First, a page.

Soil crusts might sound might sound dry and uninspiring, but are quite the opposite when presented by David Eldridge with slides by Heino Lepp. It seems we have been largely overlooking a valuable and fascinating component of our dry land ecosystems.
Biological crusts play an important role in maintaining healthy soils in the semi arid grazing areas of NSW. The semi-arid zone makes up about 40% of the state, and much of it is leased to pastoralists for sheep grazing. The crusts also occur over larger parts of the eastern slopes and are even found in the in the Sydney basin, particularly the Cumberland Plain.
Crusts are formed by groups of small organisms, technically known as cryptogams, growing on or in the top layers of soil. Lichens, mosses and liverworts and cyanobacteria (blue-green algae), green algae and fungi are involved. The association with the soil is an intimate one: As David puts it: “you can’t take the crust away from the soil and you can’t take the soil away from the crust.”
David’s research interest dates from time he spent in drought affected areas while working for the Soil Conservation Service. He says: “there were hardly any plants around but crusts were everywhere….I thought they must have been pretty important.” He found that there was virtually no work being done on them from an ecological perspective.
David and colleagues have since carried out a systematic study involving 350 sites across western NSW. These brave little organisms (the soil crusts) have been experimentally deluged, blasted in wind tunnels and trampled with artificial sheep’s feet – and we now have a much better idea about what they do.
Crusts perform a number of services; most importantly stabilising the soil and preventing erosion, fixing nitrogen (the cyanobacteria do that), providing habitat and food for invertebrates, assisting with water infiltration, and providing niches for plants to germinate in.
Much of the experimental work was done in Yathong Nature Reserve and Mungo National Park, where the soils have been well managed and crusts are in excellent condition. Work with wind tunnels at Mungo showed that the presence of a soil crust can be crucial in preventing soil erosion. A patch of encrusted ground was able to withstand high wind speeds without significant erosion. However once the soil crust was subjected to stimulated stock trampling (this is where the artificial sheep’s foot comes in), the unprotected soil quickly began to blow away.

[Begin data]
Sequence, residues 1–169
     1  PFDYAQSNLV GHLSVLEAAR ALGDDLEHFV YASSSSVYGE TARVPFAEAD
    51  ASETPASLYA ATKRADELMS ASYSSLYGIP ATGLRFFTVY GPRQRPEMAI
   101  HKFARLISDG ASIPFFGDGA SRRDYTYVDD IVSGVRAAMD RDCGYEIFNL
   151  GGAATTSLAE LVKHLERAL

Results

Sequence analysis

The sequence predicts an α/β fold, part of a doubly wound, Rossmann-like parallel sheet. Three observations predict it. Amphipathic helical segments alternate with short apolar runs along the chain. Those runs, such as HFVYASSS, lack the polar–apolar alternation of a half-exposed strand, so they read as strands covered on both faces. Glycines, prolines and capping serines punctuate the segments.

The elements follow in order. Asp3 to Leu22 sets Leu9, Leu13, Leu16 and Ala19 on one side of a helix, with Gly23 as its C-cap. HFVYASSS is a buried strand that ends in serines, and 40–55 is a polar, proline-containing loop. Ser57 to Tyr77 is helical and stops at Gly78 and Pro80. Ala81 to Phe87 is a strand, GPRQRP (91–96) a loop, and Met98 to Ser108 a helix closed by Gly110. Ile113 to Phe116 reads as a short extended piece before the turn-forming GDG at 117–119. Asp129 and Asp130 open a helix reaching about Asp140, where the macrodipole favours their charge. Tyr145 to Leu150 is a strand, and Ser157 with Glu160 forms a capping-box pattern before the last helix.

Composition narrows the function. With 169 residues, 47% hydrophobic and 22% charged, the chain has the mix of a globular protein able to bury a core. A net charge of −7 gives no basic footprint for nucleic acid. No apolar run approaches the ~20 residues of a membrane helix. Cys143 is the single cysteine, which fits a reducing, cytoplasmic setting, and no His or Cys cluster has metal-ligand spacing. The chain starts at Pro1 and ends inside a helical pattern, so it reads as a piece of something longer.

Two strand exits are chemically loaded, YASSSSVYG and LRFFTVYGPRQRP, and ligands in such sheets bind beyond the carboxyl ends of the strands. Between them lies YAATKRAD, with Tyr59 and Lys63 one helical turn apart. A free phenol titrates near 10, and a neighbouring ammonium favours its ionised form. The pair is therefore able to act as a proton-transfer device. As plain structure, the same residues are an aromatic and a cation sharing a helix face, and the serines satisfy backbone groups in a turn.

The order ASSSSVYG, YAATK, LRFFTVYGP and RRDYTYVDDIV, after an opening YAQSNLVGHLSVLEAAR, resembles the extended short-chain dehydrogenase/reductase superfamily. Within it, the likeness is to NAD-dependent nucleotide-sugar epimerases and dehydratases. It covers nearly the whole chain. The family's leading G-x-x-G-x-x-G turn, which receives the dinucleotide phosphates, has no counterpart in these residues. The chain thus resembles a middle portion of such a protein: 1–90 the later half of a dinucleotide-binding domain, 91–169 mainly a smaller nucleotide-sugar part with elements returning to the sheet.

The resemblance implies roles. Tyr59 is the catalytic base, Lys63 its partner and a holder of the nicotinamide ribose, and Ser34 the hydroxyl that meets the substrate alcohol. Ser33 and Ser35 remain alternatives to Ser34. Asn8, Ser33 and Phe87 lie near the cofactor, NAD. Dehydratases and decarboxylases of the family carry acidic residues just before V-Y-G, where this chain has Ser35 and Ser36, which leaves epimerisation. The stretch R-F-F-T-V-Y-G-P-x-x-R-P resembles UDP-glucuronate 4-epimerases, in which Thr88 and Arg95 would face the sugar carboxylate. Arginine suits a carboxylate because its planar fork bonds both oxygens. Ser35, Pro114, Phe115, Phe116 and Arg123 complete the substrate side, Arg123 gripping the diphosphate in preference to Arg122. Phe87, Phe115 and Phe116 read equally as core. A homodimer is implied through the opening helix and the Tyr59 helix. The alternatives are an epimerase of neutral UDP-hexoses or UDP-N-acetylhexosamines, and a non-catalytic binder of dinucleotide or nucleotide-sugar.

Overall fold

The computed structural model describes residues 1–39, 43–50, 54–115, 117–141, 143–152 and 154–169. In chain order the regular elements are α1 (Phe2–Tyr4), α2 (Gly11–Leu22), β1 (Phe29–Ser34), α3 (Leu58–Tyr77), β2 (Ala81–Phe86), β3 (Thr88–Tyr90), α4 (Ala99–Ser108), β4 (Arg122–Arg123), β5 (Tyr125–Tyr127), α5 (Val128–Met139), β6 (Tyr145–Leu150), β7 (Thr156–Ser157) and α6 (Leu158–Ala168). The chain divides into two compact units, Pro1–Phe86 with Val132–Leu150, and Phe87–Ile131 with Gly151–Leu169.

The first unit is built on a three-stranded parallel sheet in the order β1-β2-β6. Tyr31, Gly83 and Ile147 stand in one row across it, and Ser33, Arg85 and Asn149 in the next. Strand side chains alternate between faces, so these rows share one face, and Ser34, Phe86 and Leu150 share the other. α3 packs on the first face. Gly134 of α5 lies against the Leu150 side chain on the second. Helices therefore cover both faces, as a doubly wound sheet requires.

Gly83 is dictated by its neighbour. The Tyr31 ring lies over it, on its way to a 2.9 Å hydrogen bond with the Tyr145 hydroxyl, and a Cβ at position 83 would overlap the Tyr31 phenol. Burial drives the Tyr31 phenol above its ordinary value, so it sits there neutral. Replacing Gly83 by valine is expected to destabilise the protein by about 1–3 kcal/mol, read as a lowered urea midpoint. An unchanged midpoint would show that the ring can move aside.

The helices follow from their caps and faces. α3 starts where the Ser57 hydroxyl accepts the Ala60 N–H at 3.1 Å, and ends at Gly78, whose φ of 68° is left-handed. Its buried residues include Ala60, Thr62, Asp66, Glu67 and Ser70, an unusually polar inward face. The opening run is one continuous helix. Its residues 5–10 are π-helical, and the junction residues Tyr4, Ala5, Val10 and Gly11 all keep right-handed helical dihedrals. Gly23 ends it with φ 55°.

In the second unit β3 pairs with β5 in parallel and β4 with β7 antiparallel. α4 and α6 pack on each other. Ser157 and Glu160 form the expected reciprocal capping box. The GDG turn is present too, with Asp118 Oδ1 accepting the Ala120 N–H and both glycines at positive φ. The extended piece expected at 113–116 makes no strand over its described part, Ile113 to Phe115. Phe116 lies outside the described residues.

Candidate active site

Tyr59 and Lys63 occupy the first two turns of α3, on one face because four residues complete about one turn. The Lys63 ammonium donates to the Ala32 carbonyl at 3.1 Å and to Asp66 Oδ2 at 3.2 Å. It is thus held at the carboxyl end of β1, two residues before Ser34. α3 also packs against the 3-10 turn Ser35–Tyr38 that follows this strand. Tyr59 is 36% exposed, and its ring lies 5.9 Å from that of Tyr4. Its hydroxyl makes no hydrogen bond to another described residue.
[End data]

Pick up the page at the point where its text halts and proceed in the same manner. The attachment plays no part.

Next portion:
David pointed out that when soil crusts are removed, a large proportion of the silt and clay materials from near the soil surface are lost as well. It is these particles which carry most of the soil nutrients such as nitrogen and phosphorus.
Besides providing a physical shield to protect the soil, crusts provide a rough surface to trap moving sand grains, and the cyanobacteria exude a polysaccharide gel that binds soil particles.
The soil crusts role in water infiltration, becomes very important when soils becomes compacted by overgrazing. A healthy soil contains a network of holes- the larger ones (macro pores) are made by termites and invertebrates – the really small ones (matrix pores) are maintained by the cyanobacteria in the soil crusts. If the soil gets trampled, the macropores will quickly collapse. The only way water can now be absorbed into the soil is via the tiny matrix pores.
Soil crusts are vulnerable to fire, it is estimated that full recovery form a burn can take up to 16 years and fires less than 10 years apart can convert a lichen dominated crust to a cyanobacteria dominated – that has a lot of implications for soil stability.
The most serious threat however is overgrazing. The soil crust organisms are vulnerable to trampling by hard hooved animals, and they are unable to recolonise an area while the soil is still unstable
Once disturbance pressures are removed the crust will slowly re-establish. Firstly a physical crust will form on the soil surface. As David explained: “raindrops bash the soil, taking the silt and clay out and sealing surface, as soon as that happens cyanobacteria, algae, a few fungi come in – gradually the soil gets more stable, a few mosses then eventually lichens come back in.”